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Life would be boring if it was too easy.

Football would become dull if your team won every weekend.

And what would be the point of supporting your club if it didn’t test your patience every now and then.

But Friday night was something else – something that no fan deserves to be put through – as Southampton suffered an early Halloween horror show on the South Coast.

It’s difficult to know where to start with a result like that; the whole evening felt like a social experiment that was testing Saints supporters on how much they loved their club – and a fair amount passed.

Now that everyone’s had some time for it to sink in, I’m going to take a closer look at what on earth went so drastically wrong and where the club goes from here.

The game kicked off in dreadful conditions; a storm was heading the way of St Mary’s. But that was nothing compared to the metaphorical storm that was set to take place on the pitch.

The clock had barely reached 10 minutes before Saints imploded in front of our eyes. Ben Chilwell gave the visitors the lead after he finished the rebound from an initial Angus Gunn save but it was about to get a whole lot worse.

The Video Assistant Referee was looking at a previous incident involving Ryan Bertrand and the left-back was adjudged to have produced a high tackle on Ayoze Perez and was shown the red card.

I must admit that VAR worked perfectly, even if it went against Saints, by identifying something that the on-field referee missed and the whole situation was helped by showing the challenge on the big screen.  

Playing with 10 men normally means that you try and make it difficult for the other team to score, but Saints, and in particular the defence, made it far too easy.

It was difficult to watch as a Saints supporter with the Foxes tearing through the defence at will and already 5-0 up before half-time.

Individual errors, a lack of effort and concentration, poor organisation and next to no confidence all contributed to this unforgivable capitulation.

The visitors were 7-0 up with over half an hour left and there were times when I feared that Leicester would be the first side to reach double figures in the Premier League, and it wouldn’t have flattered them.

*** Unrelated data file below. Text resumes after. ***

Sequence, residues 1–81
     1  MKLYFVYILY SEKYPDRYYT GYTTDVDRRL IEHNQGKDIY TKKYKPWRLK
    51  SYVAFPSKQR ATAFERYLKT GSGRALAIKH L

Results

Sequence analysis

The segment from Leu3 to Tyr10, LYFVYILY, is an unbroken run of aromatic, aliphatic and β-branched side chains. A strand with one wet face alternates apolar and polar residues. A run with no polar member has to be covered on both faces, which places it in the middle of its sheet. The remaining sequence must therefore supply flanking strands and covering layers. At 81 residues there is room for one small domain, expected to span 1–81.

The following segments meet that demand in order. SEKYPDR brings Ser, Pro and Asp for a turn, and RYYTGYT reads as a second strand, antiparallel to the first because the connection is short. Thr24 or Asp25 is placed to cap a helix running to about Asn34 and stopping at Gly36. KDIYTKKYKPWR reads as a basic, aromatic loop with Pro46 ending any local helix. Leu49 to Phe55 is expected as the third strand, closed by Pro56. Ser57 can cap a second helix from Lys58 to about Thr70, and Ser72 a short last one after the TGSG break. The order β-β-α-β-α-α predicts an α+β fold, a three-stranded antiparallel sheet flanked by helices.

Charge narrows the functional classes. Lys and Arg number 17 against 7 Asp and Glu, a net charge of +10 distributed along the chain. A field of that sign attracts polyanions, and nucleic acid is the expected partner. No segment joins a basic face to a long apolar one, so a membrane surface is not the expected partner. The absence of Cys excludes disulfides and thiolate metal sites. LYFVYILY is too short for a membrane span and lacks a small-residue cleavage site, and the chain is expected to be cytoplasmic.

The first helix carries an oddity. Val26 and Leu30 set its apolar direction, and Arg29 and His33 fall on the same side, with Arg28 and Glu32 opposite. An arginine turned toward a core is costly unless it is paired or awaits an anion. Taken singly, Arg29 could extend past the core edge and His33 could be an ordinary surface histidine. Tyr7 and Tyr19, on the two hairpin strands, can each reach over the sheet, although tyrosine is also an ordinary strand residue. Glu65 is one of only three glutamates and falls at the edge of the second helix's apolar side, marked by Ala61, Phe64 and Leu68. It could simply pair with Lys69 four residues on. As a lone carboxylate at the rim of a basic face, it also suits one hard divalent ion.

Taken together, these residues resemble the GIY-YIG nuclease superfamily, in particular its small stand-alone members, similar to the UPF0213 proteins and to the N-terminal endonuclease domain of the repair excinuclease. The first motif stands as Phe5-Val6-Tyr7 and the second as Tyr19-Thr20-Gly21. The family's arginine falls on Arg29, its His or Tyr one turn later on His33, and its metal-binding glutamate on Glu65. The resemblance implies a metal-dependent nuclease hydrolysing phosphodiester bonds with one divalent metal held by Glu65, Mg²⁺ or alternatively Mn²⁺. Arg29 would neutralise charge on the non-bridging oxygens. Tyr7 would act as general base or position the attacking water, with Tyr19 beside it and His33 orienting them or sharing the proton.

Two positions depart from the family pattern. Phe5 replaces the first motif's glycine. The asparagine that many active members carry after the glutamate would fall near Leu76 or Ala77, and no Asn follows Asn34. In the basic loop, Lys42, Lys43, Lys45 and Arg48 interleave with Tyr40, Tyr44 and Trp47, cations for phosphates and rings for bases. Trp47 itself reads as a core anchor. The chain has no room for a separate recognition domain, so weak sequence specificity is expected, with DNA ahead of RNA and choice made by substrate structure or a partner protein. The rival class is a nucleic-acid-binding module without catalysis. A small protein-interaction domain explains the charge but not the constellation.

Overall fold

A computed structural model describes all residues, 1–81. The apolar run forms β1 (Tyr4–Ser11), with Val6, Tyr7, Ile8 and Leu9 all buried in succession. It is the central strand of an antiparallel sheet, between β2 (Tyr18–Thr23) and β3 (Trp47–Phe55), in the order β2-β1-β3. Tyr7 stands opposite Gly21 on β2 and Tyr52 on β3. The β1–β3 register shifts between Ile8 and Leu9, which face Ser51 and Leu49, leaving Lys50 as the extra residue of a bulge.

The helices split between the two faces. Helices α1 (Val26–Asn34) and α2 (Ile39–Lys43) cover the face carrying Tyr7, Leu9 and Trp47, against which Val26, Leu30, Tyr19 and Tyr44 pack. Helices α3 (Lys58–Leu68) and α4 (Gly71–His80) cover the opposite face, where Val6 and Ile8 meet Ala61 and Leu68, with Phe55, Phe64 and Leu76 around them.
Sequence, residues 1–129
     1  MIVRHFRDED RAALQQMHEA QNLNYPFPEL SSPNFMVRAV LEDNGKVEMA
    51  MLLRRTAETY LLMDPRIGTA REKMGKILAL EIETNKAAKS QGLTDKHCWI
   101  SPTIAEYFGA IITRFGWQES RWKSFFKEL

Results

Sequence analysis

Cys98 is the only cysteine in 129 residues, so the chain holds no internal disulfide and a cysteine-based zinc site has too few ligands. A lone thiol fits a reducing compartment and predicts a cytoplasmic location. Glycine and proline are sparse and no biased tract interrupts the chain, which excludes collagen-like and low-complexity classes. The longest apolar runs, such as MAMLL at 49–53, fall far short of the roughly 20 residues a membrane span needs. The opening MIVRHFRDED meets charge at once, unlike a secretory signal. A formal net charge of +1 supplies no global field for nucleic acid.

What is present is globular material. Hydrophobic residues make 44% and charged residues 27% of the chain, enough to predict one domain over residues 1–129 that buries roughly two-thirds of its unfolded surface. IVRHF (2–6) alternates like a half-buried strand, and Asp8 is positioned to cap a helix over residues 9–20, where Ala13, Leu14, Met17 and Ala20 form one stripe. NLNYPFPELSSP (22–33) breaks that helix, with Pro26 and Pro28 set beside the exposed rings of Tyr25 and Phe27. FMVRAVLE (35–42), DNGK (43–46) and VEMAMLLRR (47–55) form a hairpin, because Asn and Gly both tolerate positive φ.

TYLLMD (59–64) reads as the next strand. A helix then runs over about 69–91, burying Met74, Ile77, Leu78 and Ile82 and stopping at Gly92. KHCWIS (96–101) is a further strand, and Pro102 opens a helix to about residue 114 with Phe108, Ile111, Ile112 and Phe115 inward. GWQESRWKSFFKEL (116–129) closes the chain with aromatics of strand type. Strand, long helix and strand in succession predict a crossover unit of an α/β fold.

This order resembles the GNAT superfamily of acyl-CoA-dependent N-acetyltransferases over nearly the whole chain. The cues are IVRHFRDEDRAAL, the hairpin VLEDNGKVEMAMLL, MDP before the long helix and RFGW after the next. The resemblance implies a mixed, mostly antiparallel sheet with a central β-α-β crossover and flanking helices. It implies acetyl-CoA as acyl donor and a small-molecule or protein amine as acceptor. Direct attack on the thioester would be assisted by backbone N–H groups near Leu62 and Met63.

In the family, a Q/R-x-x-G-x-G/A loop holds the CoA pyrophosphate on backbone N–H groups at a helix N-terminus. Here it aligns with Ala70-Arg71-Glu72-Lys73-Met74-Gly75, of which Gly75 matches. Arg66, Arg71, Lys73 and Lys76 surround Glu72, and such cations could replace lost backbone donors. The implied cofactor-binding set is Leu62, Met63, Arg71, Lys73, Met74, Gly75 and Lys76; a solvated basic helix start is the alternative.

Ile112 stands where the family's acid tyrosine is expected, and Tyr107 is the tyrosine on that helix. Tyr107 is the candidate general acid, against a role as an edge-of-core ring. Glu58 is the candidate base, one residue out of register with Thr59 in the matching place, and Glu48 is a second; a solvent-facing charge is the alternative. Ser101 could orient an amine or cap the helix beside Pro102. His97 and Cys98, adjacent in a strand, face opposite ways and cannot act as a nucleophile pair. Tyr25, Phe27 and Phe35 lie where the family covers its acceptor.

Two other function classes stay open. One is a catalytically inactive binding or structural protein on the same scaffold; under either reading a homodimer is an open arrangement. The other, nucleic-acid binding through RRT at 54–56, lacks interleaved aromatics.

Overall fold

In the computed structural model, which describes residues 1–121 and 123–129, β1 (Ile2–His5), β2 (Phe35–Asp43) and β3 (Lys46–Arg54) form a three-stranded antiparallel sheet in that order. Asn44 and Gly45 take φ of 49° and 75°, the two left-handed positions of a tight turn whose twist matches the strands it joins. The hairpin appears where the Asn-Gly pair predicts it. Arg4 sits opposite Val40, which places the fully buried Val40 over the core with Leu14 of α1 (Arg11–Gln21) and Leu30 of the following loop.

A Jamie Vardy penalty with the last kick of the game made it nine to equal the biggest winning margin in the Premier League and the outright biggest away win.

Southampton have a habit of breaking Premier league records: from Sadio Mane’s blistering hat-trick against Aston Villa to Shane Long scoring after just seven seconds, but this one was for all the wrong reasons.

Since this humiliation, blame has been apportioned to virtually all aspects of the club with numerous fans now questioning Ralph Hasenhuttl and suggesting that his time is almost up.

Since Ronald Koeman’s departure, Saints have had four completely different managers in Claude Puel, Mark Hughes, Mauricio Pellegrino and now Hasenhuttl with none of them having been able to arrest the slide.

There must come a point where you stop blaming the man in charge and look at what he has at his disposal, and why none of the managers can succeed.

Out of those four, the Austrian appears to be the one that has the most promise of a long-term future and you get the feeling that this could just be right man, wrong time for Hasenhuttl.

None of us really knew what impact Danny Rohl, Hasenhuttl’s assistant last season, leaving for Bayern Munich in the summer would have on the squad.